September marks the beginning of a new chapter for many students across the province. Ontario’s universities are excited to welcome this year’s cohort of new and returning students.
Although university life and learning will look and feel quite different than it did in the past, the excitement and anticipation that students experience this time of year still holds true.
Ontario’s universities continue to support our students—the province’s future makers.
While the disruption of student life and academics brought about by COVID-19 has led to much uncertainty amongst students and their families, who envisioned a certain kind of university experience, our institutions remain firmly committed to the health and safety of our students, faculty, and staff as we continue to deliver on our academic mission.
Whether it’s by adapting co-op education experiences online, virtual student mentoring, or developing online or hybrid courses, Ontario’s universities continue to provide students with access to the high-quality programs and services they need throughout the pandemic and beyond.
Institutions also continue to provide ways for students to maintain vital social connections with their peers, even when physically distant, with the goal to help them navigate the process and ensure a successful start to their university journey.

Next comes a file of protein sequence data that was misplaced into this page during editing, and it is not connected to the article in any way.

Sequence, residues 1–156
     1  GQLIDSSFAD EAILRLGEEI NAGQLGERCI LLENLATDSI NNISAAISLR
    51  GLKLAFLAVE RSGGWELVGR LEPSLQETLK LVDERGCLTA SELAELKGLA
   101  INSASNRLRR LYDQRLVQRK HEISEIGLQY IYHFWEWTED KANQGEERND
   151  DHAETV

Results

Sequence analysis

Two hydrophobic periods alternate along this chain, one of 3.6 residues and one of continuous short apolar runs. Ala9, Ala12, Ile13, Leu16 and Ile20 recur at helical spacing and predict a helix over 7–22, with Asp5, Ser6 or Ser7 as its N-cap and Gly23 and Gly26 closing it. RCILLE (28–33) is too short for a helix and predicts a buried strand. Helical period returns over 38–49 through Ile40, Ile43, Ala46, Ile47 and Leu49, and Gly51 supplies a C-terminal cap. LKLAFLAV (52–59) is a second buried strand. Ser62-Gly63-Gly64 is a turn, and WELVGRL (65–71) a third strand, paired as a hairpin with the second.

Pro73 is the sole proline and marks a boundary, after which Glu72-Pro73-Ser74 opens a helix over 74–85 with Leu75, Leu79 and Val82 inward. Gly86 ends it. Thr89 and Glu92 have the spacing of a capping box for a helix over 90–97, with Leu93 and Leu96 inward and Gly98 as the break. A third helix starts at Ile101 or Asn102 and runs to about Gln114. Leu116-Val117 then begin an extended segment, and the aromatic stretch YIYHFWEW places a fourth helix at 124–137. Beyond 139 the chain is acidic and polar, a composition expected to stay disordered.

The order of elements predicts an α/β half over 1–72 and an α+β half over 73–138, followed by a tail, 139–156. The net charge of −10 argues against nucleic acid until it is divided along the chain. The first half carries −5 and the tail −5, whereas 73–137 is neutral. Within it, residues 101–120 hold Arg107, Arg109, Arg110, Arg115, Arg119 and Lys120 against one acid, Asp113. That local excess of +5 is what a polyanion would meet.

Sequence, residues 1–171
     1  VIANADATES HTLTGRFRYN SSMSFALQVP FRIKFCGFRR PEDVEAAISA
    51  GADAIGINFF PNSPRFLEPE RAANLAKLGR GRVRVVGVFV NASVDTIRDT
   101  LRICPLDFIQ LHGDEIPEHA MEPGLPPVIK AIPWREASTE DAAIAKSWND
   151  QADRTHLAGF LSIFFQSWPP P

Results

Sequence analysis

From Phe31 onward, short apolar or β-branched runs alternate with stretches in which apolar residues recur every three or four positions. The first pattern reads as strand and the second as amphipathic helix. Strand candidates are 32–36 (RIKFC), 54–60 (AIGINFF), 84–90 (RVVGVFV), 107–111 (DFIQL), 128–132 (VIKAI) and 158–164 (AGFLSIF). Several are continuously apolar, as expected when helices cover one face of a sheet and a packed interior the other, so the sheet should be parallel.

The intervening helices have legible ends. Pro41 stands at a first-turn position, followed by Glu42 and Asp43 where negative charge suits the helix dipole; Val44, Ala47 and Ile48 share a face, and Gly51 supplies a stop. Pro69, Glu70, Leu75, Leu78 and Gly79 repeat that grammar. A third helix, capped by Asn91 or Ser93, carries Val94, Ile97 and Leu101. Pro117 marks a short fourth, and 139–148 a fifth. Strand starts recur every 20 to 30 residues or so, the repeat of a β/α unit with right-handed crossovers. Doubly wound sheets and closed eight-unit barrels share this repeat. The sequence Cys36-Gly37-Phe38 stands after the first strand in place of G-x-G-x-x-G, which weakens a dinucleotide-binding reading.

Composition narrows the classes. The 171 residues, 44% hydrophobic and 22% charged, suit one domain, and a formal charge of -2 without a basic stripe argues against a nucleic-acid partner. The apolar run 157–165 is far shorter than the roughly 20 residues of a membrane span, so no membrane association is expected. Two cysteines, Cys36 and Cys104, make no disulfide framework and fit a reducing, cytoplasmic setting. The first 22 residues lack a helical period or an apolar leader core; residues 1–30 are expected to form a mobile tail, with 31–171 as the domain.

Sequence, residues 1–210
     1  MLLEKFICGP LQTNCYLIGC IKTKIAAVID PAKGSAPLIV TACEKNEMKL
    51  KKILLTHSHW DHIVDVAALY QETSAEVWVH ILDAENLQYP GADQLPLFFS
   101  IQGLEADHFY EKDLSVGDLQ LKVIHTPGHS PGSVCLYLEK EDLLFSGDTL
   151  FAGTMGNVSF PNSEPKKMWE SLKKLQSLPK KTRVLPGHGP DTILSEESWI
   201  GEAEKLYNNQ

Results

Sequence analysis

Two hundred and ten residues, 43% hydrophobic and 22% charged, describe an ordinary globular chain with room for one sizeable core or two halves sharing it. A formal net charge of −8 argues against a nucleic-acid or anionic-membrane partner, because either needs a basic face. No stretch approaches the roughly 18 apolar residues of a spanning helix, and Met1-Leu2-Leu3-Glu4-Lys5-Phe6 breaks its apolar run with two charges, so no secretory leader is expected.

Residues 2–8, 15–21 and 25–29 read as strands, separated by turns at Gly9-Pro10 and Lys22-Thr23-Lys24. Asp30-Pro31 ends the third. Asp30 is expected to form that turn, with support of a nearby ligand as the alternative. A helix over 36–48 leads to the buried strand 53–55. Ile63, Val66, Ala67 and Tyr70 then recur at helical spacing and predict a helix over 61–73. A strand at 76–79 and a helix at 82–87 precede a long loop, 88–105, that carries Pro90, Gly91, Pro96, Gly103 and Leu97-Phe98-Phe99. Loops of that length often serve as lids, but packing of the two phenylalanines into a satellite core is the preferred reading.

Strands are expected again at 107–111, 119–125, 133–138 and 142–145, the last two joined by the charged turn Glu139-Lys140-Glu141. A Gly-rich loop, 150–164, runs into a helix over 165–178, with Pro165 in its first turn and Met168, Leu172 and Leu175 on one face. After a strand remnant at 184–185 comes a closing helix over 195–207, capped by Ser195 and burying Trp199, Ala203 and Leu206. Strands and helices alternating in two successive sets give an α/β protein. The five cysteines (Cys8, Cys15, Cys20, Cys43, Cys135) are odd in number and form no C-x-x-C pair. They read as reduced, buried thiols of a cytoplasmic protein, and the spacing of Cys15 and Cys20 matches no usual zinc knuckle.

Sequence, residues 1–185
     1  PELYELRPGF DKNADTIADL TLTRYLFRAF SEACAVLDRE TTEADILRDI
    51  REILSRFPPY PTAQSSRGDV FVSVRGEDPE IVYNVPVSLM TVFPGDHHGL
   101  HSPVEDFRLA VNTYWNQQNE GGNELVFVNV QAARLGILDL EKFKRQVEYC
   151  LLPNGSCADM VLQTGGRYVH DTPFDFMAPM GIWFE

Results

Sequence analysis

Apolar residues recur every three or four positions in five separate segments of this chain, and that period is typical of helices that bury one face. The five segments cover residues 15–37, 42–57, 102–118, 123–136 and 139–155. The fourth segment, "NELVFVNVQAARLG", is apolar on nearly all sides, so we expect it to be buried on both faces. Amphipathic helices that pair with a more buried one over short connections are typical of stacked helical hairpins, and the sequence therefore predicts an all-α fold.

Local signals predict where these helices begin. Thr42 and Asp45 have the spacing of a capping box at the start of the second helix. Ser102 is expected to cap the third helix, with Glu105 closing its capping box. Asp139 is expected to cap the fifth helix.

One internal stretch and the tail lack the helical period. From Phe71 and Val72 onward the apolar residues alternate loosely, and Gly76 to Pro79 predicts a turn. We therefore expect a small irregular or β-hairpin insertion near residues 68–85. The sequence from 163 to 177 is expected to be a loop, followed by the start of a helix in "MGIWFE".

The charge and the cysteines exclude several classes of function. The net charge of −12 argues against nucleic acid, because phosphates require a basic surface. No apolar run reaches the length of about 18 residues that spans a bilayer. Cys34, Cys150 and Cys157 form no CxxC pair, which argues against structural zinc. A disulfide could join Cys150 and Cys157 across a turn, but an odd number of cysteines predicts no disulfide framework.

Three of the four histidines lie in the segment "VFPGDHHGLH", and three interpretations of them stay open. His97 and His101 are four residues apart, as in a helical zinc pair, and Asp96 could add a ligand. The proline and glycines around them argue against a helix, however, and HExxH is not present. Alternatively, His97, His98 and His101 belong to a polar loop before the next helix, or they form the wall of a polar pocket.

With new guidelines, procedures, programs, and initiatives in place that prioritize the health and safety of our students, faculty, staff, and communities, our universities will continue to ensure that the university experience remains transformational for students.
A Path Towards Life-Long Success
Amidst the uncertainties caused by the pandemic, the value of a university degree—and the skills and experiences that come with it—remains unchanged. In fact, it has never been more important.
University students are interwoven into the social and economic fabric of our province. Throughout the pandemic, we have seen them do remarkable things for their communities.
They have stepped up to organize volunteer groups dedicated to supporting health-care workers and vulnerable populations, they are helping small businesses navigate COVID-19, and they are working with professors to create new tools, testing methods, and treatments.